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Xavier Vallat, Vichy French Commissioner-General for Jewish Questions, France, April, 1941. Vallat was appointed head of the Commissariat-General for Jewish Questions, the body responsible for implementing the Vichy regime's anti-semitic laws, in March 1941. Vichy France co-operated enthusiastically with the Nazis plans for the extermination of the Jews. Some 76,000 French Jews were rounded up and sent to concentration camps between 1942 and 1944, with only 2500 surviving. Vallat was dismissed as Commissioner-General in May 1942 for his criticism of the refusal of the Nazis to release France's

Xavier Vallat, Vichy French Commissioner-General for Jewish Questions, France, April, 1941. Vallat was appointed head of the Commissariat-General for Jewish Questions, the body responsible for implementing the Vichy regime's anti-semitic laws, in March 1941. Vichy France co-operated enthusiastically with the Nazis plans for the extermination of the Jews. Some 76,000 French Jews were rounded up and sent to concentration camps between 1942 and 1944, with only 2500 surviving. Vallat was dismissed as Commissioner-General in May 1942 for his criticism of the refusal of the Nazis to release France's Stock Photo
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Image details

Contributor:

World History Archive / Alamy Stock Photo

Image ID:

2CWBDG9

File size:

60 MB (1.1 MB Compressed download)

Releases:

Model - no | Property - noDo I need a release?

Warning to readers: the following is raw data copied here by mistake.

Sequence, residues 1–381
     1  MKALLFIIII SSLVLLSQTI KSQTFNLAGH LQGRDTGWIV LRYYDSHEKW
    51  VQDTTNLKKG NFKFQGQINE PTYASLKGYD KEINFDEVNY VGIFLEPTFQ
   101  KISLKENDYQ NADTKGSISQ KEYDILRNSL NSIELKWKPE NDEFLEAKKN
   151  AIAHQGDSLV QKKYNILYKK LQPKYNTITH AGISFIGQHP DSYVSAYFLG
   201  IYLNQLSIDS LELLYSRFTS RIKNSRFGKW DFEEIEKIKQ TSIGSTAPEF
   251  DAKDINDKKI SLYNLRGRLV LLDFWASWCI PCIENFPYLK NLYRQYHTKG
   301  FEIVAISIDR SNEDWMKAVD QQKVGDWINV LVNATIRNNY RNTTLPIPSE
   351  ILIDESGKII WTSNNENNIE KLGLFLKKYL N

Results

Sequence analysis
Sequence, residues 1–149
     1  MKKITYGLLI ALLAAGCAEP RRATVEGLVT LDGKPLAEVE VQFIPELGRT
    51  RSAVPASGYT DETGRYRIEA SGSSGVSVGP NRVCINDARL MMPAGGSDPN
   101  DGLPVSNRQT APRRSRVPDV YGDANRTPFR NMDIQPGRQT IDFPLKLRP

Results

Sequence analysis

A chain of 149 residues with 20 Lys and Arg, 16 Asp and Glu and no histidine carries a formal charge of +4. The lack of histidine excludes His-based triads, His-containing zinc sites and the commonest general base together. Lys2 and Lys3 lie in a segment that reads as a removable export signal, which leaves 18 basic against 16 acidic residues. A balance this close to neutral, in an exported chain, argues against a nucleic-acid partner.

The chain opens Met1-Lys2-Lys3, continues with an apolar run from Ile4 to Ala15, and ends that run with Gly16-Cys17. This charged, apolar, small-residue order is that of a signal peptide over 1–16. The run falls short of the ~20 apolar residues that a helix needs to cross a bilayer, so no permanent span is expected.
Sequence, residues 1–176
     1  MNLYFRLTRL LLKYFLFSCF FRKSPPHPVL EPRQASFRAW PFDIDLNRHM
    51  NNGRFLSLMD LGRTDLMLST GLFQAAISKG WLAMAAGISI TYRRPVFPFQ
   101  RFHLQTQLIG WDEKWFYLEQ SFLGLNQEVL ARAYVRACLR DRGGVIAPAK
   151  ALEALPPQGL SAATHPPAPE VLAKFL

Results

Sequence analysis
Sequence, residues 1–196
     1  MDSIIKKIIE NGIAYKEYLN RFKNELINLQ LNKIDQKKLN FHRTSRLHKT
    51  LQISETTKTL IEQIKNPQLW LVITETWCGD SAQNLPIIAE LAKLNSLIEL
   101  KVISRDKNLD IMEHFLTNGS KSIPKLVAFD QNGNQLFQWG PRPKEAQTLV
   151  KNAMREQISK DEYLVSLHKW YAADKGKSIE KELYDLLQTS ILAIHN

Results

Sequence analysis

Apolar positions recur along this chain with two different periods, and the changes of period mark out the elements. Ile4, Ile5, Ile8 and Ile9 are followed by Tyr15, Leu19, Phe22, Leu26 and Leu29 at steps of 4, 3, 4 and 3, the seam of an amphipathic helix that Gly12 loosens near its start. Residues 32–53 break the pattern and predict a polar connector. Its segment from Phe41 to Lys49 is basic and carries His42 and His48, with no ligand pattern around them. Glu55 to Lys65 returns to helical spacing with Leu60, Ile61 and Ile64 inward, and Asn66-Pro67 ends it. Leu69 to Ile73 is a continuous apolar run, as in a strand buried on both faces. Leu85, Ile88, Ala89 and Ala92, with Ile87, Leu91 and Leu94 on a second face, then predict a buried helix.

Dimensions:

5339 x 3928 px | 45.2 x 33.3 cm | 17.8 x 13.1 inches | 300dpi

Date taken:

30 June 2020

More information:

This image could have imperfections as it’s either historical or reportage.

Xavier Vallat, Vichy French Commissioner-General for Jewish Questions, France, April, 1941. Vallat was appointed head of the Commissariat-General for Jewish Questions, the body responsible for implementing the Vichy regime's anti-semitic laws, in March 1941. Vichy France co-operated enthusiastically with the Nazis plans for the extermination of the Jews. Some 76,000 French Jews were rounded up and sent to concentration camps between 1942 and 1944, with only 2500 surviving. Vallat was dismissed as Commissioner-General in May 1942 for his criticism of the refusal of the Nazis to release France's prisoners of war. He remained a supporter of the Vichy government however, and regularly made anti-semitic broadcasts on Vichy radio. After the war he was sentenced to ten years imprisonment for his part in the persecution of France's Jews. The leniency of the sentence took into account Vallat's service in the First World War, in which he lost his left leg and eye. The photographer is unknown.